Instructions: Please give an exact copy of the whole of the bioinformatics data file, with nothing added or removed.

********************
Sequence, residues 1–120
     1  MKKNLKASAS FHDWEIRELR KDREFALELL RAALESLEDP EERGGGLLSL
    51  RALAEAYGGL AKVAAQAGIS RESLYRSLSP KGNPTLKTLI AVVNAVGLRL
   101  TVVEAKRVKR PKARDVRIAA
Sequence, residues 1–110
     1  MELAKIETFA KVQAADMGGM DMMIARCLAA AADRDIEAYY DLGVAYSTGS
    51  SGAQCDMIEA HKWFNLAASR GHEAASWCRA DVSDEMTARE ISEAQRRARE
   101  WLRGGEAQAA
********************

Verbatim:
Sequence, residues 1–120
     1  MKKNLKASAS FHDWEIRELR KDREFALELL RAALESLEDP EERGGGLLSL
    51  RALAEAYGGL AKVAAQAGIS RESLYRSLSP KGNPTLKTLI AVVNAVGLRL
   101  TVVEAKRVKR PKARDVRIAA
Sequence, residues 1–110
     1  MELAKIETFA KVQAADMGGM DMMIARCLAA AADRDIEAYY DLGVAYSTGS
    51  SGAQCDMIEA HKWFNLAASR GHEAASWCRA DVSDEMTARE ISEAQRRARE
   101  WLRGGEAQAA